StyleGAN2-ada works with as few as one thousand images, and sometimes even less. It does this by augmenting, or automatically enlarging the training image set. Each image is duplicated multiple times, with each duplicate then passed through a pipeline of randomised transformations including horizontal flips, rotations, blends and colour transformations. Amazingly, over time, these augmentations balance each other out so the final output from the generator contains only images which resemble the original training set, even though many of the images the discriminator has seen are of a different colour, rotation or composition.

To train a GAN to create Halloween pictures, I used instagram-scraper to scrape certain tags. I then hand-selected my favourite thousand images out of more than ten thousand before aligning and cropping most of them around the face using align_images. The remainder were cropped by hand in Adobe Photoshop. Training was done using a forked StyleGAN2-ada on my local PC with a Nvidia 2080Ti. Paperspace and Colab are also popular options, although the recommended Colab Pro is only available in the US at the time of writing. Transfer learning was used to base the initial model on the published StyleGAN2 ffhq model. Note that although the finished images have the general style of the training set, they are unique images and do not feature faces of real people from that data.

Latent space

Once you have a trained model, there are other things you can do, besides generate random images, by using the model’s latent space. The latent space is a mathematical representation of the 512-number input to the model as a point in 512-dimensional space. This is useful as it means we can carry out vector operations. For example, Interpolation takes the points which generated two fake images and plots a line between them. Points along that line can be used to generate images which are somewhere between the two original fake images. As an animation it looks as though one image morphs into the other as we move along the line. 

Projection is like a Google Image search for a trained model, where it’s possible to find an image inside the model that most closely resembles a provided real-world photo. This can have some surprising results (see below). Finally, feature vectors are discoverable directions in the latent space which can change one aspect of an image, such as a person’s expression or whether or not they are wearing glasses. Exploring the possibilities of a trained model is an amazing tool for creativity and idea generation.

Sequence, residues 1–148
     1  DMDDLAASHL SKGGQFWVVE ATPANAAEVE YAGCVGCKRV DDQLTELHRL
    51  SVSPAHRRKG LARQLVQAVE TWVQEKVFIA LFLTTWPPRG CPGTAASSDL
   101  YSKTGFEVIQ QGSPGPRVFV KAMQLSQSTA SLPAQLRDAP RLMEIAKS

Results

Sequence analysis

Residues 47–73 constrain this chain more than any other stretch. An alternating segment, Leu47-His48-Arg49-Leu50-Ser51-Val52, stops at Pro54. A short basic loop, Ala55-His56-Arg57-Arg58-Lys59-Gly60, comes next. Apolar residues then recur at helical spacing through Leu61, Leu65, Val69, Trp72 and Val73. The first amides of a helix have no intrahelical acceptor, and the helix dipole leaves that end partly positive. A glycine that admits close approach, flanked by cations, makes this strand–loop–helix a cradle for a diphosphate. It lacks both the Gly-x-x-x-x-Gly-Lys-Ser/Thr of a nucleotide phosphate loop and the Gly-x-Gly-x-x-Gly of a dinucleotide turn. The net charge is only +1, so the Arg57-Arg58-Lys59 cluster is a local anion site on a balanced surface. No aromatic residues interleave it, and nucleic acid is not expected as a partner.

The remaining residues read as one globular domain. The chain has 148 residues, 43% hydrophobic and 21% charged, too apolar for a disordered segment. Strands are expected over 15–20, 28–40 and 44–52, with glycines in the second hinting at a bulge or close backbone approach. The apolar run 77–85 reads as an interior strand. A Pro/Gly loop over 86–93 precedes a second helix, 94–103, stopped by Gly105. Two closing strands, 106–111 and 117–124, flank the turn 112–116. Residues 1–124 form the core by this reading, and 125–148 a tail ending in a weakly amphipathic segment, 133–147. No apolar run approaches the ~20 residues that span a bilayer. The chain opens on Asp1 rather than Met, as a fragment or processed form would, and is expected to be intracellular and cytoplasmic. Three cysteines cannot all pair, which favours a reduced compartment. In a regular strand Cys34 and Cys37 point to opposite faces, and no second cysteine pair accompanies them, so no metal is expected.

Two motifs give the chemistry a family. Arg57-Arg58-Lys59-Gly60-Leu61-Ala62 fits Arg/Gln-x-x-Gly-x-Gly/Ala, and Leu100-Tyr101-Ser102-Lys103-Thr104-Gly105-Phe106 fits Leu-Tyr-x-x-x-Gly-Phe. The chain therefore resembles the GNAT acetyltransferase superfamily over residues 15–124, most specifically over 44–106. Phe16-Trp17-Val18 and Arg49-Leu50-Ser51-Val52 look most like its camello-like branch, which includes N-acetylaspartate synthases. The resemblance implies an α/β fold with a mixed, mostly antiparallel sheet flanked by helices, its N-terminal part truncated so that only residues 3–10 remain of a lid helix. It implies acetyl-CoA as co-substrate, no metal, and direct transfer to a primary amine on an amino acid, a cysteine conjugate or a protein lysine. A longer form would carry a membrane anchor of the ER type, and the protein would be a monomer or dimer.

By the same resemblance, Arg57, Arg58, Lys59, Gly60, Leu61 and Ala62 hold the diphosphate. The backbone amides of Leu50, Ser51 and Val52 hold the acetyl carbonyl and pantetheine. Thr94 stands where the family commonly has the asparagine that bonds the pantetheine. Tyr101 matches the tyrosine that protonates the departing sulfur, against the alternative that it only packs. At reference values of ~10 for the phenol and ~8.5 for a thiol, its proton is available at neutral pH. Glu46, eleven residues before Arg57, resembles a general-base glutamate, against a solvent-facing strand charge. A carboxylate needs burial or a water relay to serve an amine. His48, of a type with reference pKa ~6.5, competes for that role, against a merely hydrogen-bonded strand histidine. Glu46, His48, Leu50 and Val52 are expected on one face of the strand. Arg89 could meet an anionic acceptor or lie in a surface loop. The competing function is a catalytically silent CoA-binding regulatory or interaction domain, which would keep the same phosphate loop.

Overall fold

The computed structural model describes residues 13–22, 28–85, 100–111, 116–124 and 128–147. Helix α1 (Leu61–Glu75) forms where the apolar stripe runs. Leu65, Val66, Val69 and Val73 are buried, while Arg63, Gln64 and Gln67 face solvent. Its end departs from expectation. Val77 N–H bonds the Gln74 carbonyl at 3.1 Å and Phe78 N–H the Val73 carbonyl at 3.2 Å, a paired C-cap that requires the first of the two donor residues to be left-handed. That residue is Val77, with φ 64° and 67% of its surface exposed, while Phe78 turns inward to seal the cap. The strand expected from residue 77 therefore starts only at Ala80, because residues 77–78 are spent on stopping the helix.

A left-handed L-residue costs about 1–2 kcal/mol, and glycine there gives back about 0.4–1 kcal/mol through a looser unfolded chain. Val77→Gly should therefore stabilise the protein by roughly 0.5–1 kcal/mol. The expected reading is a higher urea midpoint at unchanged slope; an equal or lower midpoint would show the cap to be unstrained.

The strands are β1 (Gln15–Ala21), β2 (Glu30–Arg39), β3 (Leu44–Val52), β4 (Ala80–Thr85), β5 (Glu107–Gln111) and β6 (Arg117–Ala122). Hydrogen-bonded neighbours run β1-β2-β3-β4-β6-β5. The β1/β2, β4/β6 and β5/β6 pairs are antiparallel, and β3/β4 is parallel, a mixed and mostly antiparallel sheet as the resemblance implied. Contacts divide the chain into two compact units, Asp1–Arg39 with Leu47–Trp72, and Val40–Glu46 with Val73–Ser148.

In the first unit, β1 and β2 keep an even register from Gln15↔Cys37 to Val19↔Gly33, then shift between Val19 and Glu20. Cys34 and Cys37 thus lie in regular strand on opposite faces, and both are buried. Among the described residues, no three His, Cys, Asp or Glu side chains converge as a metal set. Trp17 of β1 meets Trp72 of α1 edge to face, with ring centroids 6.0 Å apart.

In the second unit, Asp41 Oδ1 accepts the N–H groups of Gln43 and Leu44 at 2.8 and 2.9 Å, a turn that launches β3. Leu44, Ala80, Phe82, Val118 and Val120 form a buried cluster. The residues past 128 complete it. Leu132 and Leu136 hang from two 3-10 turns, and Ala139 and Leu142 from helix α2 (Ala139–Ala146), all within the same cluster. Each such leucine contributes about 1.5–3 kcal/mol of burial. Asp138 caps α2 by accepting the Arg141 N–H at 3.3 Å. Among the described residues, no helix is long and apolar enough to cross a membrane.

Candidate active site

Projection

For the above image, I used a model trained on a dataset which was predominantly female, so it’s not surprising that the latent space only contains very rough approximations of (from left) Boris Johnson, Joe Biden and a somewhat Bill-Clinton-looking Donald Trump. More successfully, a projection of the Joker returned a great female version, and the returned image of Daenerys Targaryen is only slightly off, even though none of these people were in the training data.

Ethics

Of course, like much of artificial intelligence technology, there is an ethical angle to this, too. Scraping someone’s artwork, for instance, and generating images in their style is an interesting experiment, but not if you start selling it as your own. In addition, the capability of GANs to ‘deepfake’ real photographs should raise concerns. Steps are underway to use machine learning technology to be able to detect such fakes, but it’s likely to remain a red queen race. These are important questions and could be just the beginning of the impact of Ian Goodfellow’s libatious moment of inspiration.  

Putting that aside, GANs are an incredible tool for anyone seeking to generate visual ideas. The technology is already being inserted into popular software like Photoshop. Soon, the power and capability to generate infinitely novel photorealistic images will be available to us all. And each image can express an idea or concept, from architectural plans to abstract art and photography. Your next inspiration may already be hiding somewhere in latent space, waiting to be generated, like a ghost in the machine. 

Happy Halloween from everyone at Infinity Works!